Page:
As mentioned many times in the past in this blog, flexible circuits make up a small portion of the overall printed circuit market worldwide. The questions that typically arise quickly have to do with electrical and mechanical characteristics. Then if agreeable and a flexible circuit is determined to be the best answer for an application, the question of design practices comes up. After all of those deterrents have been dealt with, the circuit is introduced to the production department and a new set of concerns arise.
Traditional “rigid” printed circuit boards have been widely used in the United States since the 1940s. They showed up in consumer products the next decade and have been produced in very large scales ever since. The electronics industry is full of experts on the design, manufacture, and assembly of printed circuit boards (PCBs). So there isn’t a concern for our production groups when we introduce a new product and it’s made on a traditional printed circuit board. However, if the new product is a flexible circuit it arrives with many tedious questions and maybe even insecurity because of a lack of experience with this type of assembly. These concerns are understandable.
Printed circuit boards lend themselves well to automated assembly. They are after all rigid and stand up well to wave solder and IR reflow solder. Their flexible cousin however does not stand up as well. The inherent flexibility of the circuits requires that one think differently about how the assembly will travel through all the stages it must go through. Some of the process will be very similar to those we use with printed circuit boards and some will be very different.
Flexible circuit material absorbs moisture fairly well and must be baked out, as we do with traditional printed circuit boards, before being introduced to high temperatures. This process as well as the next (solder paste screening) will be very similar to those we use on our traditional printed circuit boards. However, after that point, we must take very careful steps to complete the assembly.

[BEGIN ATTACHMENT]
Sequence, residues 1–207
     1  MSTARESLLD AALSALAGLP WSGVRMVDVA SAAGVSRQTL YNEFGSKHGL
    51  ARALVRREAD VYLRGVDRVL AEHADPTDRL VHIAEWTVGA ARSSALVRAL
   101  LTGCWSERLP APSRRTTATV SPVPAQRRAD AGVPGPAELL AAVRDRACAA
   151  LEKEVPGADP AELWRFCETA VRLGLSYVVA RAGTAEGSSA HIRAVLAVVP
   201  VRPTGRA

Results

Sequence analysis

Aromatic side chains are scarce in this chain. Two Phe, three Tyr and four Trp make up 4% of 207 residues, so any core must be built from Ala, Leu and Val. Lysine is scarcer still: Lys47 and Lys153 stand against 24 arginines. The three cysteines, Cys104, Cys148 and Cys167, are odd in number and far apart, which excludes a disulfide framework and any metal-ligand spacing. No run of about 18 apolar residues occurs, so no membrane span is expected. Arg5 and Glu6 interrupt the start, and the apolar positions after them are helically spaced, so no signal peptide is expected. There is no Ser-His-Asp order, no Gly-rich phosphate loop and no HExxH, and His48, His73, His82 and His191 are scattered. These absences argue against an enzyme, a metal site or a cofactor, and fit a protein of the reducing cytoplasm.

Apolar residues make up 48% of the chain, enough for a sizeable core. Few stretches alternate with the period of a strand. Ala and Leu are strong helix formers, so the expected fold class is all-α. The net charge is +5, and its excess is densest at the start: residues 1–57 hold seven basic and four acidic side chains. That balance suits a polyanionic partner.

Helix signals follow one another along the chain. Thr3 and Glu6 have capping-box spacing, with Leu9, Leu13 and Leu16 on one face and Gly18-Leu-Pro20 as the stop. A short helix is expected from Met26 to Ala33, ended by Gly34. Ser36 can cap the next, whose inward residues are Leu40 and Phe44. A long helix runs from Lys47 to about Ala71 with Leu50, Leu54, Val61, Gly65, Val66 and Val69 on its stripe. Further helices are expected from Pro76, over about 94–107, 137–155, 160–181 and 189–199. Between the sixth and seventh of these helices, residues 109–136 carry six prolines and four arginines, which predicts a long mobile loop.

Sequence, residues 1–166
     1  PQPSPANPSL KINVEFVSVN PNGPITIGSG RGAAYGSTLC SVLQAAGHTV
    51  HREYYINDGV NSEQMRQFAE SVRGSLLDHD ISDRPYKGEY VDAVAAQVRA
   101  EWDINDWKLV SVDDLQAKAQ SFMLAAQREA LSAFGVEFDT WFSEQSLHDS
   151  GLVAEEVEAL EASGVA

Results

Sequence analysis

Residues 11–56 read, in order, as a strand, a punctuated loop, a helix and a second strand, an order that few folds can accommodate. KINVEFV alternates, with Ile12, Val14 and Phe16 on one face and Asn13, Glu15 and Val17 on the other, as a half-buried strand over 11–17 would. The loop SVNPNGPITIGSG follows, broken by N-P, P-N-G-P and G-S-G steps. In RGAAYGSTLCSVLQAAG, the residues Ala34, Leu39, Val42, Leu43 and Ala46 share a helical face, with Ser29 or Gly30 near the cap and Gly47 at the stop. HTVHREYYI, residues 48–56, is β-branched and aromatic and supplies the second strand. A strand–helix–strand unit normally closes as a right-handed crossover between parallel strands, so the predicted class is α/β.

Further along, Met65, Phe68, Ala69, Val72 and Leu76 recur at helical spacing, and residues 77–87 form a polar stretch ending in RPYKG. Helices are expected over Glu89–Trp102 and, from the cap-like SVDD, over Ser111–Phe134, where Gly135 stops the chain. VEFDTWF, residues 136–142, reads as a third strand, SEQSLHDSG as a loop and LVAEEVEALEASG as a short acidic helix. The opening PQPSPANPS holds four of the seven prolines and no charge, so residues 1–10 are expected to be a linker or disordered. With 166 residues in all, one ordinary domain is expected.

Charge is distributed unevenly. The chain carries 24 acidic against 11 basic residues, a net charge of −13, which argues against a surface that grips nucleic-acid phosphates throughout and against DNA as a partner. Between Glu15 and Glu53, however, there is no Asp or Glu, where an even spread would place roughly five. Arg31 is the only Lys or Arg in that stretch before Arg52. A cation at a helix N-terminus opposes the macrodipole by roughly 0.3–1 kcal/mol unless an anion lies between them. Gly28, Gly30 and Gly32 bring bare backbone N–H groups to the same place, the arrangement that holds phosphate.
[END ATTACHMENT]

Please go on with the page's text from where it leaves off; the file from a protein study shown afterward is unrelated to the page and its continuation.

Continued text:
Our next step would be to go to pick and place which puts some pressure on the circuit. Flexible circuits then must be protected during this process, temporarily, to provide the stability and even surface required to place the components reliably. They also must have that same stability as they travel through the soldering process.
Whether that is wave or IR reflow. Then after all the components are soldered the circuits can be cleaned, inspected and re-worked. The stability required for travel through the assembly line is not needed any longer. We can remove the temporary stability fixture that was used throughout the assembly process and complete the task of packaging and shipment or placement into finished goods inventory.
Let’s look at some of the questions that are frequently asked.
- Can flexible circuits have components soldered to it?
Yes! This is usually the first question that is asked. Because of its small footprint in the industry there are still a lot of designers that are unaware of the ability to solder components to flexible circuits.
- Are there any components that cannot be assembled on flexible circuits?
No! Any component that can be soldered or adhered or wire bonded to a printed circuit board can be attached the same way to flexible circuits. There are some components that require very serious consideration by the assembly team, such as, BGAs and chip on board. However all components can be assembled to a flexible circuit.
- Can flexible circuits be panelized and automated?
Yes! The flexible circuit panels will require special fixtures or tooling in order to run through the automated lines. But have no fear, they can be mass produced and with astounding results, just as their rigid counterparts are.
When faced with the assembly flexible circuits, it would do you well to consult with an experienced manufacturer during the design stage. They can assist with panel layout and any fixture designs necessary to ensure that the assembly process goes as smoothly as any printed circuit assembly.
Filed Under: Rapid prototyping